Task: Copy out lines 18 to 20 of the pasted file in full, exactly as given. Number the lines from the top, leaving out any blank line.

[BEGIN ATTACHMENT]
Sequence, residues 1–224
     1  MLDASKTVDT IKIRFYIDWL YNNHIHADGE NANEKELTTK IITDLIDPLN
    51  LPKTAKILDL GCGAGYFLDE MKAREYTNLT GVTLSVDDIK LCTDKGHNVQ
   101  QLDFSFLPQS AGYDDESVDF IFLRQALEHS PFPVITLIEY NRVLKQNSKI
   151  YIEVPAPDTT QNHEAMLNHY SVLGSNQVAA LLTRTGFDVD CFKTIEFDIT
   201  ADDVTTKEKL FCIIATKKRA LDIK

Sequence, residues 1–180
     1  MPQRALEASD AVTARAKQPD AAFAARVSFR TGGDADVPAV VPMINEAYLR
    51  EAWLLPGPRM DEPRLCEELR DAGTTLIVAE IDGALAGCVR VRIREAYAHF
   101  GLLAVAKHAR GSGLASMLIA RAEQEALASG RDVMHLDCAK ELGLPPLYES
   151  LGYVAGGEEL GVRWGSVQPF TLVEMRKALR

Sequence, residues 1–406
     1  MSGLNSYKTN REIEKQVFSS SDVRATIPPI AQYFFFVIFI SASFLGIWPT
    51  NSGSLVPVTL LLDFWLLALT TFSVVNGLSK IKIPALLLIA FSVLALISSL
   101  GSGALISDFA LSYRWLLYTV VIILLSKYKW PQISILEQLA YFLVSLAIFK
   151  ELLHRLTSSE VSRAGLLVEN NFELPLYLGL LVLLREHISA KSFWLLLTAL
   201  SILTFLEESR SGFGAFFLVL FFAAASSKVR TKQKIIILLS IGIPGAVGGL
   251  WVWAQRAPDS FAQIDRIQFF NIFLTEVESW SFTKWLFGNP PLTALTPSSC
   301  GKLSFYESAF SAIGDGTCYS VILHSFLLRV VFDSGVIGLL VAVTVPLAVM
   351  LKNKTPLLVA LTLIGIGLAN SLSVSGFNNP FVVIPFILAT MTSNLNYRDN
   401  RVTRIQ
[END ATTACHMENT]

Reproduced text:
   251  WVWAQRAPDS FAQIDRIQFF NIFLTEVESW SFTKWLFGNP PLTALTPSSC
   301  GKLSFYESAF SAIGDGTCYS VILHSFLLRV VFDSGVIGLL VAVTVPLAVM
   351  LKNKTPLLVA LTLIGIGLAN SLSVSGFNNP FVVIPFILAT MTSNLNYRDN